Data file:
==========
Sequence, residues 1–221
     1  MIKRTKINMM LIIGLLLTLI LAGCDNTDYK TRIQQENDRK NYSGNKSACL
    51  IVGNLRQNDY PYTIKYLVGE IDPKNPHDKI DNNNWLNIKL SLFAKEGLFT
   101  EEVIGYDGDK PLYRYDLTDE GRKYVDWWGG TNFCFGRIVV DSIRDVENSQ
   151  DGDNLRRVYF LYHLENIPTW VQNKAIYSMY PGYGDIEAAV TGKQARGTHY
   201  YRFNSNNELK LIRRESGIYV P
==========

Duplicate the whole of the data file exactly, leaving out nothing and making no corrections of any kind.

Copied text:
Sequence, residues 1–221
     1  MIKRTKINMM LIIGLLLTLI LAGCDNTDYK TRIQQENDRK NYSGNKSACL
    51  IVGNLRQNDY PYTIKYLVGE IDPKNPHDKI DNNNWLNIKL SLFAKEGLFT
   101  EEVIGYDGDK PLYRYDLTDE GRKYVDWWGG TNFCFGRIVV DSIRDVENSQ
   151  DGDNLRRVYF LYHLENIPTW VQNKAIYSMY PGYGDIEAAV TGKQARGTHY
   201  YRFNSNNELK LIRRESGIYV P